If you haven’t seen Ted Lasso yet, stop what you’re doing and go binge watch this show. Don’t take breaks, just watch from start to finish. It’s only three seasons so you can absolutely do it.
Now that you’ve seen one of the greatest shows ever created, you’ll likely remember Ted’s speech at the end of the first season about hope (and if you don’t, you can watch it here). He very eloquently debunks the idea that “it’s the hope that kills you” by stating that it’s actually the lack of hope that kills you.
Yeah, I know. If you’re like me and have seen the show several times, you’re ready to interject with BUT IT WAS THE HOPE THAT KILLED US IN THAT EPISODE.
And you’re right. The end of that episode is heartbreaking (sorry, slight spoiler), and as a result, doesn’t really confirm an answer to that question. It was an emotional rollercoaster of hope and then disappointment. So is it the hope that kills you? Or is it the lack of hope?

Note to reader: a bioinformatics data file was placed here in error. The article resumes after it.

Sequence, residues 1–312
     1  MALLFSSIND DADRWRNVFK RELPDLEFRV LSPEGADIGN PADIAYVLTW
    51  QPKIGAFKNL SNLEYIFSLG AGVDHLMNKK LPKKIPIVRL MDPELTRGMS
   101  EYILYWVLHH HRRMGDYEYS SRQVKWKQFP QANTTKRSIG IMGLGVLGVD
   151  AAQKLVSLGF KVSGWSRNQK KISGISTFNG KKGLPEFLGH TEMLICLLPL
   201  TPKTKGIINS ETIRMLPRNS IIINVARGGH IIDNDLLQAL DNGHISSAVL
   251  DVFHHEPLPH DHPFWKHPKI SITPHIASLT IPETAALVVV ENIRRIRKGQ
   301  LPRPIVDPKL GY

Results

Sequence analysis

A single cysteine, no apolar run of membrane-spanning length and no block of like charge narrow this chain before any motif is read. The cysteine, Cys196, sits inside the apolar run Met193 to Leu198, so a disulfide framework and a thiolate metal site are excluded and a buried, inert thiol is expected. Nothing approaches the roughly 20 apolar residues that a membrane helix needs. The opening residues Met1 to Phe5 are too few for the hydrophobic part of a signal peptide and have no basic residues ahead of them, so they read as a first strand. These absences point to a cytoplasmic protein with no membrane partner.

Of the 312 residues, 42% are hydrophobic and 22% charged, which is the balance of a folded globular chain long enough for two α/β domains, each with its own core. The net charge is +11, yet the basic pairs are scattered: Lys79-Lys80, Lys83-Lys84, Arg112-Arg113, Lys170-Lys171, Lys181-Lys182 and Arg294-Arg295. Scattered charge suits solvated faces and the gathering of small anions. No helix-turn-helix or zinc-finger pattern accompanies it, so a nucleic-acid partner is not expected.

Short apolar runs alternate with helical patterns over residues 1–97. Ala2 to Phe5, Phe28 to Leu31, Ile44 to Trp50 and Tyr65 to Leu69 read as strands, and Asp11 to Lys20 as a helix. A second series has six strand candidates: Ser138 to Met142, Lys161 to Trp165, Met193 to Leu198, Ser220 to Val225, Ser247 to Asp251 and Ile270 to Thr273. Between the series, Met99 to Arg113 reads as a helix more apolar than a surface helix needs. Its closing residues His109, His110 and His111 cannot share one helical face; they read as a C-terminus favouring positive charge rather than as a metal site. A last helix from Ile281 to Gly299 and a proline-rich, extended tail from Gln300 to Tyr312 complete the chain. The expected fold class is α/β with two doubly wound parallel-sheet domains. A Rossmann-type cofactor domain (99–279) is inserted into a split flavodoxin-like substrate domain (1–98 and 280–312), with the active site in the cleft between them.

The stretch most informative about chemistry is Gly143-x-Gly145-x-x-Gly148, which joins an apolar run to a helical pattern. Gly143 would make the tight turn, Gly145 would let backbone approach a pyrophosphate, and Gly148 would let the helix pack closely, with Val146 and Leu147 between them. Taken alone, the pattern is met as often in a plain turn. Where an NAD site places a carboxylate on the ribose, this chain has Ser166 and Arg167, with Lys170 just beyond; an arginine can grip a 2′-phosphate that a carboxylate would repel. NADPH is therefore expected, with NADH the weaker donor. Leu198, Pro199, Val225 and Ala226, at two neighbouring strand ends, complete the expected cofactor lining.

My answer: Both.
If you’ve ever loved a sports team, you felt the pain of that season one finale HARD. It was the most accurate depiction of the highs and lows of fandom that I’ve ever seen in my life (IYKYK). You never know when the game’s going to end with heartbreak, and you might say that’s why hope kills you. It’s pretty terrible when you’re expecting the best and end up with the worst. The emotional equivalent of a huge rollercoaster drop isn’t really something you look forward to.
There’s a downside to avoiding that disappointment though.
If you never experience the hope, then you never get to feel what it’s like when it does work out. You won’t experience the pure joy when your team is on the winning side at the last second. Or the feeling of knowing you’re in exactly the right place at the right time.
There’s a time and a place to put yourself out there like that. Your heart can only take so many breaks, and it’s unrealistic to expect a person who has been through some sh*t to continue to put their feelings on the line as if those let downs never existed. If that’s what you expect from yourself, you’re setting yourself up for failure. Instead of opening up to everything or closing yourself off entirely, choose when the time feels right to let yourself have some hope.
If you’re always getting your hopes up, yeah it’s the hope that kills you. But if you never do, the lack of it will also do you in.
Like so many things, balance is key. It’s a lifelong process to learn when to wear your heart on your sleeve and when to be a little more guarded. If you’re working on knowing the difference (therapy is a great place for this, just saying), you’re already doing great. Keep it up.